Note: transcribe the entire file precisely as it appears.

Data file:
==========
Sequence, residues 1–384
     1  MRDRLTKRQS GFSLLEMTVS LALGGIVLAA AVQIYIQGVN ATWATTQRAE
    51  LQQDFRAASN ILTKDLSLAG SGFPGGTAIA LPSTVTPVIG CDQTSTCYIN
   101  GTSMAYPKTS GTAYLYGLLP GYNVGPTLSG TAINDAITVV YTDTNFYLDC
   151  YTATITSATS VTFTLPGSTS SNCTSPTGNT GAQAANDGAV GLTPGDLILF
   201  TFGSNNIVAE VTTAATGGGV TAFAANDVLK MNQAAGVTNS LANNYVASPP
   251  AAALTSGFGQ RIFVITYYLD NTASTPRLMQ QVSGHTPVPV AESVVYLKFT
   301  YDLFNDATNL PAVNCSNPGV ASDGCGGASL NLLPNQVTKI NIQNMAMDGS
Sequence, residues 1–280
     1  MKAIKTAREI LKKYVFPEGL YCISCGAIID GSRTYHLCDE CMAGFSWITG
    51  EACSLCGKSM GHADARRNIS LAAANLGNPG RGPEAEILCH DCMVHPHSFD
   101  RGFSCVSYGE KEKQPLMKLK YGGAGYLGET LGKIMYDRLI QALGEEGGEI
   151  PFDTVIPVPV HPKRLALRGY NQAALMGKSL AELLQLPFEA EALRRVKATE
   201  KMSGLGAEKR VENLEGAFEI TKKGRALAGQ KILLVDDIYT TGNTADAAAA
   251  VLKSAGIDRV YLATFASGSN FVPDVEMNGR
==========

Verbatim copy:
Sequence, residues 1–384
     1  MRDRLTKRQS GFSLLEMTVS LALGGIVLAA AVQIYIQGVN ATWATTQRAE
    51  LQQDFRAASN ILTKDLSLAG SGFPGGTAIA LPSTVTPVIG CDQTSTCYIN
   101  GTSMAYPKTS GTAYLYGLLP GYNVGPTLSG TAINDAITVV YTDTNFYLDC
   151  YTATITSATS VTFTLPGSTS SNCTSPTGNT GAQAANDGAV GLTPGDLILF
   201  TFGSNNIVAE VTTAATGGGV TAFAANDVLK MNQAAGVTNS LANNYVASPP
   251  AAALTSGFGQ RIFVITYYLD NTASTPRLMQ QVSGHTPVPV AESVVYLKFT
   301  YDLFNDATNL PAVNCSNPGV ASDGCGGASL NLLPNQVTKI NIQNMAMDGS
Sequence, residues 1–280
     1  MKAIKTAREI LKKYVFPEGL YCISCGAIID GSRTYHLCDE CMAGFSWITG
    51  EACSLCGKSM GHADARRNIS LAAANLGNPG RGPEAEILCH DCMVHPHSFD
   101  RGFSCVSYGE KEKQPLMKLK YGGAGYLGET LGKIMYDRLI QALGEEGGEI
   151  PFDTVIPVPV HPKRLALRGY NQAALMGKSL AELLQLPFEA EALRRVKATE
   201  KMSGLGAEKR VENLEGAFEI TKKGRALAGQ KILLVDDIYT TGNTADAAAA
   251  VLKSAGIDRV YLATFASGSN FVPDVEMNGR